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World Britain strips citizenship from teenager who joined Islamic State in Syria

In this file handout photo taken on Feb. 17, 2015, a video grab shows Shamima Begum passing through security barriers at Gatwick Airport, south of London.

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Britain has stripped a teenager who travelled to join the Islamic State of her citizenship on security grounds, triggering a debate over the ramifications of leaving a 19-year-old mother with a jihadi fighter’s child to fend for herself in a war zone.

The fate of Shamima Begum, who was found in a detention camp in Syria last week, has illustrated the ethical, legal and security conundrum that governments face when dealing with the families of militants who have sworn to destroy the West.

With the Islamic State depleted and Kurdish-led militia poised to seize the group’s last holdout in eastern Syria, Western capitals are trying to work out what to do with battle-hardened jihadi fighters, and their wives and children.

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Ms. Begum, who gave birth to a son on the weekend, prompted a public backlash in Britain by appearing unrepentant about seeing severed heads and even claiming the 2017 Manchester suicide attack – which killed 22 people – was justified.

She had pleaded to be repatriated back to her family in London and said that she was not a threat.

But ITV News published a Feb. 19 letter from the interior ministry to her mother that said Home Secretary Sajid Javid had taken the decision to deprive Ms. Begum of her British citizenship.

“In light of the circumstances of your daughter, the notice of the Home Secretary’s decision has been served of file today, and the order removing her British citizenship has subsequently been made,” the letter said.

The letter asked Ms. Begum’s mother to inform her daughter of the decision and set out the appeal process.

When asked about the decision, a spokesman said Mr. Javid’s priority was “the safety and security of Britain and the people who live here.”

Ms. Begum was one of three outwardly studious schoolgirls who slipped away from their lives in London’s Bethnal Green area in February, 2015, to fly to Turkey and then over the border into the cauldron of Syria’s civil war.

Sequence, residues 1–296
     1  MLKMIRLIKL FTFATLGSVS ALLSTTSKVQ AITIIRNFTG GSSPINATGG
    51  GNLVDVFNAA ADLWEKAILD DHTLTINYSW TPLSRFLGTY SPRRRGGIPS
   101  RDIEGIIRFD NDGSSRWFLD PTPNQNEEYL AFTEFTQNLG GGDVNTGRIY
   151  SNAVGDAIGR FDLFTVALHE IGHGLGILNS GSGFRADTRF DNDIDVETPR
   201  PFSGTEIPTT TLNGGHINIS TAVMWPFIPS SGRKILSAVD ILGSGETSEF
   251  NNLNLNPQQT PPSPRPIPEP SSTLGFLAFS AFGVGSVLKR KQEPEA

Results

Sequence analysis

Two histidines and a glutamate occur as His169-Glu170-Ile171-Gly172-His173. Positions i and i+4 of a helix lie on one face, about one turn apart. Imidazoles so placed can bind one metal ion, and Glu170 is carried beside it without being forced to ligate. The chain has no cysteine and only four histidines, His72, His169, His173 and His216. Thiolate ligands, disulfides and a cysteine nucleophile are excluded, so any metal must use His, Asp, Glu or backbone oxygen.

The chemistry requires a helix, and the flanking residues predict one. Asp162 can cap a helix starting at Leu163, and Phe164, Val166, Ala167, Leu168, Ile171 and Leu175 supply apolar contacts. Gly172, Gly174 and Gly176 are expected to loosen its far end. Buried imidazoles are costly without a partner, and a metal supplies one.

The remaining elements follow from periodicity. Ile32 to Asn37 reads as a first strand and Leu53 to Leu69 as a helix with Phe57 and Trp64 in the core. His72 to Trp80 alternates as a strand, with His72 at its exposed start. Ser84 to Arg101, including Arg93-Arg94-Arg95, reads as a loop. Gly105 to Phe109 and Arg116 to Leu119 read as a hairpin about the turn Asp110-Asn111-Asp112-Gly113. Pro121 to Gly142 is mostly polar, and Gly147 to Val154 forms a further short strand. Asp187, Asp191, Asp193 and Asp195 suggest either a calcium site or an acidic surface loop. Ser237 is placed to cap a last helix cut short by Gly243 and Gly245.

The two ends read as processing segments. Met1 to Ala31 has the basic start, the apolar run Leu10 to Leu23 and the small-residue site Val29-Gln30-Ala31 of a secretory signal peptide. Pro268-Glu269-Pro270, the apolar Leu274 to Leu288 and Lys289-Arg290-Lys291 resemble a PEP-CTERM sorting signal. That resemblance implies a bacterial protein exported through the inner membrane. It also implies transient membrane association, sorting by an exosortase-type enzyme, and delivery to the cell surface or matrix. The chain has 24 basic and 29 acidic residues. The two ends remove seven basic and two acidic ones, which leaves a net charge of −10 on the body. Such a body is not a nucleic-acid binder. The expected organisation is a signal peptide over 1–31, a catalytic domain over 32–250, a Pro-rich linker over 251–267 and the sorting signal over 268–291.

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Islamic State propaganda videos enticed her to swap London for Raqqa, a step she still says she does not regret. She fled the self-styled caliphate because she wanted to give birth away from the fighting.

“When I saw my first severed head in a bin it didn’t faze me at all. It was from a captured fighter seized on the battlefield, an enemy of Islam,” she told The Times of London, which first discovered her in the camp in Syria. (She was equally harsh when describing the videos she had seen of the beheaded Western hostages, The Times said.)

Ms. Begum has named her newborn, Jerah, in accordance with the wishes of her husband, Yago Riedijk, a Dutch convert from Arnhem. He was tortured on suspicion of spying by Islamic State but later released.

Another son, also called Jerah, died at eight months old. A daughter, Sarayah, also died aged one year and nine months, The Times said.

Her family’s lawyer said he could seek to challenge the British government’s decision to deprive her of citizenship.

“We are considering all legal avenues to challenge this decision,” lawyer Tasnime Akunjee said.

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British law does allow the interior minister to deprive a person of British citizenship when conducive to the public good, though such decisions should not render the person stateless if they were born as British citizens.

Police in Bangladesh said they were checking whether Ms. Begum was a Bangladeshi citizen, and Britain’s opposition Labour Party said the government’s decision was wrong.

“If the government is proposing to make Shamima Begum stateless, it is not just a breach of international human rights law but is a failure to meet our security obligations to the international community,” Diane Abbott, Labour spokeswoman on home issues.

Ken Clarke, a former Conservative minister, said he was surprised that Mr. Javid’s lawyers had given him such advice. “What you can’t do is leave them in a camp in Syria being even more radicalized … until they disperse themselves through the world and make their way back here,” he said.

“I think the Germans, the French and ourselves have got to work out how to deal with this difficult and, I accept, dangerous problem,” he said.

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